When it’s my turn to write for the magazine’s Physics Update department, I visit the arXiv.org preprint server. There, I browse the latest papers in the astrophysics of galaxies, medical physics, and fluid dynamics—to name just three of arXiv’s categories. My goal: To find an interesting paper that can be adequately summarized in 250–400 words.

Of course, arXiv does more than provide source material for science writers. Since its inception in August 1991, arXiv has served as a public library for papers before their peer review and publication. In the early years, astrophysics, condensed-matter physics, and high-energy physics predominated. In 2017, mathematics (25.6% of all papers) and computer science (21.9%) held the top two spots. High-energy physics (7.8%) slipped to fifth place behind condensed matter (11.7%) and astrophysics (10.7%).1 

I’m not surprised that mathematicians have embraced arXiv. Referees check every equation. Papers can take years to be published. For example, the most cited paper of 2017 in Journal of the American Mathematical Society, “Canonical bases for cluster algebras,”2 was received by the journal in November 2014 and published in November 2017.

Even in fields with speedier publication, the prompt posting that arXiv affords is an attractive advantage, especially when a topic is hot. In February 2008, Hideo Hosono published his discovery of a new family of iron-based superconductors in the Journal of the American Chemical Society. In a news story about it, I wrote: “Within weeks, physicists who’d read the JACS paper or who’d heard about it from chemists had started making samples, measuring properties, and posting papers on arXiv. The first band-structure calculations showed that the superconducting phase is two-dimensional, as in the cuprates, and occupies the FeAs planes.” (See Physics Today, May 2008, page 11.)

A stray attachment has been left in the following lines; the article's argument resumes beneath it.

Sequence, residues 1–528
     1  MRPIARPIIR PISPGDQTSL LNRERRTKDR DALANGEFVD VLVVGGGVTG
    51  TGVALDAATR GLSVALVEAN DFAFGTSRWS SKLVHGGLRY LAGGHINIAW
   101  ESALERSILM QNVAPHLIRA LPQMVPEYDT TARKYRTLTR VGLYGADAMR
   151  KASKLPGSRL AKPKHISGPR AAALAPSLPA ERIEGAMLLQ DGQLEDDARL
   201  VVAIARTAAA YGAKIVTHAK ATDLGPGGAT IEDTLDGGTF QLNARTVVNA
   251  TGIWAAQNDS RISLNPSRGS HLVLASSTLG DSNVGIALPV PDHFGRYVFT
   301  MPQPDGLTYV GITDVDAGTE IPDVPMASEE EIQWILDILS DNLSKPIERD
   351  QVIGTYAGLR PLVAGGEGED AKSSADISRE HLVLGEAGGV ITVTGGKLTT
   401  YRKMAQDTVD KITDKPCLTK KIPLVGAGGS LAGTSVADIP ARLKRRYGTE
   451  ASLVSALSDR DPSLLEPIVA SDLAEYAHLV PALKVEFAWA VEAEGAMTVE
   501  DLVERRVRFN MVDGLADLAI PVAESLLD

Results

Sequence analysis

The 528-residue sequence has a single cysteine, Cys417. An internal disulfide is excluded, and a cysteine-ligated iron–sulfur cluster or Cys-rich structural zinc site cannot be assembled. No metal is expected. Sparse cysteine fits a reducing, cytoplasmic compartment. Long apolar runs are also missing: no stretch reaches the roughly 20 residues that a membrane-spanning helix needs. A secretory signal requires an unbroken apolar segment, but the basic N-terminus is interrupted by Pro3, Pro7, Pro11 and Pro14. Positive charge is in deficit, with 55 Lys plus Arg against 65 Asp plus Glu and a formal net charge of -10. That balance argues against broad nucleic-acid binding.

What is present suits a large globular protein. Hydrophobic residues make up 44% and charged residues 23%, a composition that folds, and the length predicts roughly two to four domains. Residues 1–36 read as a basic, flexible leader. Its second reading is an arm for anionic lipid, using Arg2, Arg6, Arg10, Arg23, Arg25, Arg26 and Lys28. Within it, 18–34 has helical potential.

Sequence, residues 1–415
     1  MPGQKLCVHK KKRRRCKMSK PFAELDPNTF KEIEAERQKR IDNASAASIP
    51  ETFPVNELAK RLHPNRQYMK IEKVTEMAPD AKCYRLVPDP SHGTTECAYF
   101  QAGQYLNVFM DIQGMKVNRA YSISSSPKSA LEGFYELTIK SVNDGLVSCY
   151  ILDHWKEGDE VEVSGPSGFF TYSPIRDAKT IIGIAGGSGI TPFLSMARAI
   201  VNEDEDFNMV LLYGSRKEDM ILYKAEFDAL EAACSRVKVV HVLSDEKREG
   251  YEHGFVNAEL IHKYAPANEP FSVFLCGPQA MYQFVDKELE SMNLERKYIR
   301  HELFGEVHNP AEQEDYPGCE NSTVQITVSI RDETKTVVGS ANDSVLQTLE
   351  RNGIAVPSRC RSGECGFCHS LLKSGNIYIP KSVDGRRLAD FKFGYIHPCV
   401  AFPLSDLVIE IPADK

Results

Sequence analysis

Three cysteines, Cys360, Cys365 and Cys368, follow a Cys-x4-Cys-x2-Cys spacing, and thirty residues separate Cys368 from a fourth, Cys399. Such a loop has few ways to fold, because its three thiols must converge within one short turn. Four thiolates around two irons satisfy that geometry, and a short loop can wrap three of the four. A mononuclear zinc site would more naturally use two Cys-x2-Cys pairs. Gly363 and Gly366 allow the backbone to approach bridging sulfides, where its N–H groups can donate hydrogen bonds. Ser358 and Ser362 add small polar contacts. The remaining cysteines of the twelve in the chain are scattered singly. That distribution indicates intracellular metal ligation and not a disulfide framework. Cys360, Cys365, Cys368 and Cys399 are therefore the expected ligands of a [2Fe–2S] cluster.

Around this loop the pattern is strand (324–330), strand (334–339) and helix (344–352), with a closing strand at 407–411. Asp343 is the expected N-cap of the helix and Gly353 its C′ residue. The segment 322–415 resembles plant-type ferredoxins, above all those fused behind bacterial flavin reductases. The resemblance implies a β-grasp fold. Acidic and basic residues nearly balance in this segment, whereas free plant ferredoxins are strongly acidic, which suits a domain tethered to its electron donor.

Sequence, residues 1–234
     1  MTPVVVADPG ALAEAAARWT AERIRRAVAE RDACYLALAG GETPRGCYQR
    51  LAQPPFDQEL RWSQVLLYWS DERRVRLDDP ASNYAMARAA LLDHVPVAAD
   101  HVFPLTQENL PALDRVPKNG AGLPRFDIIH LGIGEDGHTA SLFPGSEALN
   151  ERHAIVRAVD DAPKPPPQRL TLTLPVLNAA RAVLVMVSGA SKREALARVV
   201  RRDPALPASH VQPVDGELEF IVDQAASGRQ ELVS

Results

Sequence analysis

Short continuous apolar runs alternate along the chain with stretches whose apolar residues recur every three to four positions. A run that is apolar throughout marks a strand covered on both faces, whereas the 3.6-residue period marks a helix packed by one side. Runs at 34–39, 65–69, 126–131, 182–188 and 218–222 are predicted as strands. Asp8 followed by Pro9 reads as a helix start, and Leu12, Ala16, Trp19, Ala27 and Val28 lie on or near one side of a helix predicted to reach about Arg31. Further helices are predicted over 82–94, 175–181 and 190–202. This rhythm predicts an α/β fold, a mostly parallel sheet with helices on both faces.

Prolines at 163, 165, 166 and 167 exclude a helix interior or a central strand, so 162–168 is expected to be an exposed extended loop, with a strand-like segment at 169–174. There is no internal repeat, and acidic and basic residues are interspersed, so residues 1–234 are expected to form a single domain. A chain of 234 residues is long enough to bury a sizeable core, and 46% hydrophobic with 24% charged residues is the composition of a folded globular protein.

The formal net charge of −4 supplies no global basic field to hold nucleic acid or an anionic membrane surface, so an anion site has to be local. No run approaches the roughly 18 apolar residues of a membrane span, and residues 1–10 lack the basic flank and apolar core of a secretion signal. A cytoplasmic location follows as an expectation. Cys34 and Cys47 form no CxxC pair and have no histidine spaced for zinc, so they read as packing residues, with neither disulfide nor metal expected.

The quest to find new members of the superconducting family, to reach higher critical temperatures, and to understand the superconductivity was intense. In posting to arXiv, competitive condensed-matter physicists aimed to establish the priority of their results.

Another motivation to post on arXiv is to share ideas with a wide audience. In 1997 Alexei Kitaev posted his 13 000-word treatise “Fault-tolerant quantum computation by anyons.” The paper helped to launch the new field of topological quantum computing. Kitaev didn’t submit it to a journal, Annals of Physics, until 2002.

ArXiv has been an integral part of the physics landscape for so long that it’s worth taking a look back at what the preprint scene was like before it came along. When I was an astronomy grad student in the 1980s, preprints were paper copies bound between card stock and distributed by mail. Some institutions even had branded covers. Given that some of us print out electronic preprints, having them preprinted might seem an advantage, provided only one person at a time wanted to read them.

But the paper preprint system had a serious shortcoming. If your institution wasn’t on other institutions’ mailing lists, you wouldn’t see the preprint. With its free online distribution, arXiv is fairer and more democratic. Anyone with an internet connection can download and upload the latest research.

Preprints continue to evolve. Crossref, the nonprofit that facilitates the interlinking of scholarly research online, has developed a way to assign digital object identifiers, or DOIs, to preprints in such a way that preprints are as fully citable as the final, published versions of record. Last year the National Institutes of Health, the Wellcome Trust, and other big biomedical funders announced they would allow grant applicants to cite preprints. Also last year the American Chemical Society launched its own preprint server, ChemRxiv.

I learned of those and other developments from a blog post on the Scholarly Kitchen by Judy Luther.3 One of her crossheads neatly captures why preprints benefit science and scientists: “Preprint servers put authors in control of when their research is released.”

These and other statistics can be found at https://arxiv.org/help/stats.
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The stars are aligning for preprints
Scholarly Kitchen
(18 April
Physics Today